Starring Alyssa Milano, Samuel Page, Malachi Weir, Emilie Ullerup, Alison Araya, David Lewis, and more, Brazen follows a successful true-crime novelist on a path towards uncovering her sister’s murderer. Grace (Milano) meets the handsome detective Ed (Page) on what should’ve been a quiet morning while she’s writing except he’s outdoors sawing away, and their quick chemistry becomes the film’s best catalyst. You’ll want them together right away, and something about Grace’s approach feels right—there’s no beating around the bush for her, and that’s entirely understandable when you think about the type of writer’s intuition she has.
Where the murderer’s identity is even more predictable than the romance tropes that are utilized, Brazen still scores somewhat of a balance. At the very least, it’s always intriguing. The film sizzles with the hurt/comfort trope, mutual pining, and the chemistry between Milano and Page works exquisitely. I can’t speak on how faithful the adaptation is to the novel, but as a standalone, it’s a thrilling romance worthy of watching.
The film’s relatively short timestamp doesn’t leave too much room for character development, but it’s something that we can look beyond considering our approach in criticism is judging the romance. Still, there are elements here and there that reveal who each of the characters are and what makes them tick. You can understand why Grace and Ed are drawn to each other, and there’s plenty to be said about the fact that he’s a fan of her books. A man who reads is a man who wants to understand more, and since her books target misogyny and the patriarchy, it tells us that if nothing else, his head is in the right place.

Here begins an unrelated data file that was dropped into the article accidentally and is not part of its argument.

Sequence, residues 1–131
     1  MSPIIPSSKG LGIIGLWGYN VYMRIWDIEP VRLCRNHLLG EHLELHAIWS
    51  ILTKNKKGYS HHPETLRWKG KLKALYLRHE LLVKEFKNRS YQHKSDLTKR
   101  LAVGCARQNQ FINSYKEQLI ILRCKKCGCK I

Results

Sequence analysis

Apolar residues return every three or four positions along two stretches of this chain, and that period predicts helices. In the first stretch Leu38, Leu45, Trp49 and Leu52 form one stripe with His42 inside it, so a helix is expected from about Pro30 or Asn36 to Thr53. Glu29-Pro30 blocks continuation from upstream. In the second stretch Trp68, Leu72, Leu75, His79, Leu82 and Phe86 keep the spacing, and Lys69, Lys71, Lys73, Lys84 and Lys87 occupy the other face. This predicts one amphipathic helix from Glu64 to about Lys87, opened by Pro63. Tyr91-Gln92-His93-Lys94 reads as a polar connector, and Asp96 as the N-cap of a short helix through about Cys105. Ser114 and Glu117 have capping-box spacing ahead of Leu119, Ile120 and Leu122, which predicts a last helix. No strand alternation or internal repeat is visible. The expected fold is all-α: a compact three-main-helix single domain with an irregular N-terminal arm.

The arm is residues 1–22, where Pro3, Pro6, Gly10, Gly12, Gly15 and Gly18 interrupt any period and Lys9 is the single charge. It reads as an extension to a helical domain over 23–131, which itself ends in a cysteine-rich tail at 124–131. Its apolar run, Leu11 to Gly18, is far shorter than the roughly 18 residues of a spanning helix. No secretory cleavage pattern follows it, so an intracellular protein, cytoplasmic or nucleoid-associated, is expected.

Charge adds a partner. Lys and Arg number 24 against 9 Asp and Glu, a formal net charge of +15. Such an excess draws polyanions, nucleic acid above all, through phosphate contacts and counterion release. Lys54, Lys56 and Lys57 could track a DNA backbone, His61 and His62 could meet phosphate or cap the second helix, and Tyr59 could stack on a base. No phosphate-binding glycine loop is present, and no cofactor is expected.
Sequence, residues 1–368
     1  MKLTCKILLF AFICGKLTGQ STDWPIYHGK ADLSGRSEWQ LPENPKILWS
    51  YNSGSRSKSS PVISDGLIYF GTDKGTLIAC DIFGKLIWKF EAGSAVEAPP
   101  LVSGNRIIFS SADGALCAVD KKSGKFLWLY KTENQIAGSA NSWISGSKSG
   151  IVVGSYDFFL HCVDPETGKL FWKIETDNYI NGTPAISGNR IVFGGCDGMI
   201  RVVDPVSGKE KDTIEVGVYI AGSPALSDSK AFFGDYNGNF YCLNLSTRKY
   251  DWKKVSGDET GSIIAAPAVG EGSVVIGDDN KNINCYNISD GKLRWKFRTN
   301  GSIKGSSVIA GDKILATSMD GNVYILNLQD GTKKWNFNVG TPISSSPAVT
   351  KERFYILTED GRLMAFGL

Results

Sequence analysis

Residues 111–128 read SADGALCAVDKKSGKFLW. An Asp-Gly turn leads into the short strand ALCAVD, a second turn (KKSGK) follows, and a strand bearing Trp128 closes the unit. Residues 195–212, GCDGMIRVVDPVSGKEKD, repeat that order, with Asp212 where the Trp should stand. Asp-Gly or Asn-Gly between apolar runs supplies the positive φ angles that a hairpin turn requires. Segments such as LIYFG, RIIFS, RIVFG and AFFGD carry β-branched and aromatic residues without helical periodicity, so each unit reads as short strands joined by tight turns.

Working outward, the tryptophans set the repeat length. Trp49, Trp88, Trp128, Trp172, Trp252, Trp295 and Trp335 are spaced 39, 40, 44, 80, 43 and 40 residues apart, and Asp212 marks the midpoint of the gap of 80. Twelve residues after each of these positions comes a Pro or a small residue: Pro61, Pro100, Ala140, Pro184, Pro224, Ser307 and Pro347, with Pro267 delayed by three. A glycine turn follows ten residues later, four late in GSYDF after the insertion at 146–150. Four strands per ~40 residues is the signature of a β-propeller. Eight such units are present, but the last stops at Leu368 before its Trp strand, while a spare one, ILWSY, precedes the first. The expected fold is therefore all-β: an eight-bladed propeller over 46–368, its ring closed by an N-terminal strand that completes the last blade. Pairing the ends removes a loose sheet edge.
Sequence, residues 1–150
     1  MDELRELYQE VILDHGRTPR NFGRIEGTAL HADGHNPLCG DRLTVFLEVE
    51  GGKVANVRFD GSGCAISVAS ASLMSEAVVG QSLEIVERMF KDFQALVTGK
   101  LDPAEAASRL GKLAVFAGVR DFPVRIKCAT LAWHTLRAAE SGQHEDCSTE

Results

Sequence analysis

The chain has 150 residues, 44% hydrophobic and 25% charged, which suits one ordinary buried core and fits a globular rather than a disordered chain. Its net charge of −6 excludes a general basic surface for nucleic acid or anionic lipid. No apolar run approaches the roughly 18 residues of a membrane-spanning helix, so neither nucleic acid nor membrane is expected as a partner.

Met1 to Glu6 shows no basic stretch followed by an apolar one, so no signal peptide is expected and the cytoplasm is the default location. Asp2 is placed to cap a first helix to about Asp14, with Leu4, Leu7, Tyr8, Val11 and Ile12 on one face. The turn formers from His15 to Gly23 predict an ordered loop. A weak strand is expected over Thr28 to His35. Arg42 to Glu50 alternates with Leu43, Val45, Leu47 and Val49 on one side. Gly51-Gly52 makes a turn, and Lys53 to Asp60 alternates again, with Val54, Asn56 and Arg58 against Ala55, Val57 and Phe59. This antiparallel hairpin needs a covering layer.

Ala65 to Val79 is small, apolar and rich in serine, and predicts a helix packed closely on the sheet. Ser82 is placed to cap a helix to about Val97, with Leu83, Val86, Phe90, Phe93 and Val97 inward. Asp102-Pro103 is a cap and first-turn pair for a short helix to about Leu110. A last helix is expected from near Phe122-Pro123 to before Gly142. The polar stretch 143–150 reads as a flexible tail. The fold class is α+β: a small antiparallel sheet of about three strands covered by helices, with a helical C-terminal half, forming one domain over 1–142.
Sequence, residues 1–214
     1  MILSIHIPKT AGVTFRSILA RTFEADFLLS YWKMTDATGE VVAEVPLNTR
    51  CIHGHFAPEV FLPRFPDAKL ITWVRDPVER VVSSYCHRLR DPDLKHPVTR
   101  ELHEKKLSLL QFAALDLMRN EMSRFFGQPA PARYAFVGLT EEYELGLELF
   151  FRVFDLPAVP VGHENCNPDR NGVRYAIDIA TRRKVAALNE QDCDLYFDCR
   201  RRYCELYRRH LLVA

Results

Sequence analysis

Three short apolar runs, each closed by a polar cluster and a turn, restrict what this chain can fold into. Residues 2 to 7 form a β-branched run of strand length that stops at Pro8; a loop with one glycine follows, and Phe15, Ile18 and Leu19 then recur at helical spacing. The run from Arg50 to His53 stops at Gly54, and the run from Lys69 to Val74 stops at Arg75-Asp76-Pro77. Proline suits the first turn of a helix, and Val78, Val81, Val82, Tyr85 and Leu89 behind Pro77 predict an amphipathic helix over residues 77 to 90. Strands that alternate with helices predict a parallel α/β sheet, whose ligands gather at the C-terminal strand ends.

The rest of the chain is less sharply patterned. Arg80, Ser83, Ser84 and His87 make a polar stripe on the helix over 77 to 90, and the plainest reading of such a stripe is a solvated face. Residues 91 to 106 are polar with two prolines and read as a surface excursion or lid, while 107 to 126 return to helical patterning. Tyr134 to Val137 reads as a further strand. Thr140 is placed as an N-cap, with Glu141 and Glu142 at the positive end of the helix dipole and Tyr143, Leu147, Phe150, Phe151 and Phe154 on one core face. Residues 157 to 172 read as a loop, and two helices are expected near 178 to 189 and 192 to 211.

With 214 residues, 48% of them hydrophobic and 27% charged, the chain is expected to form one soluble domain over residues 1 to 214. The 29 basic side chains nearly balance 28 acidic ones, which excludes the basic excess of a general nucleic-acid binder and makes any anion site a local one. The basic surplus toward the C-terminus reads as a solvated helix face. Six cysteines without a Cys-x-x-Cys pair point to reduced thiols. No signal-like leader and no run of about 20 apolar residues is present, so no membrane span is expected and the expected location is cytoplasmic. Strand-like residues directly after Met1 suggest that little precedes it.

The straightforward attraction and the ease in their conversations help the romance flow effortlessly to the point where even when it sometimes feels like a Lifetime film, you never doubt their endgame. And nothing is more crucial for the genre than the fact that despite certain decisions, we don’t question the intentions or motives of the leads.
It’s also easy to appreciate that Ed doesn’t question her intuition even when it’s simple to understand why her involvement at times isn’t ideal, and thus, another voice is necessary to bring her along. While a part of me wishes we could’ve seen more grief from Grace’s end, it’s also easy to figure, considering what she does, that getting justice would be enough motive to keep her going. It’s the moment in the end where another quiet moment could’ve shown the audience her means of reconnecting with Kathleen’s loss again.
In this way, Netflix’s Brazen is essentially eye-candy with hints of emotional resonance here and there, but it just needed a little bit more. It’s a film worth watching, but its imperfections are also worth noting—imperfections that could’ve been resolved with care and attention to the emotions outside of rage (and a few more minutes).
In short, Alyssa Milano is incredible, which isn’t surprising to anyone who’s been a fan of hers since Charmed (and even if you’re a fan of the hidden gem, Sundays at Tiffany’s, which she co-stars alongside The Rookie’s Eric Winter). Netflix’s Brazen certainly isn’t perfect, but it’s yet another step into securing more romance adaptations, which we are always here for. It doesn’t matter how it happens as long as we have a satisfying happy ending that feels true to the characters.
Brazen is now streaming exclusively on Netflix.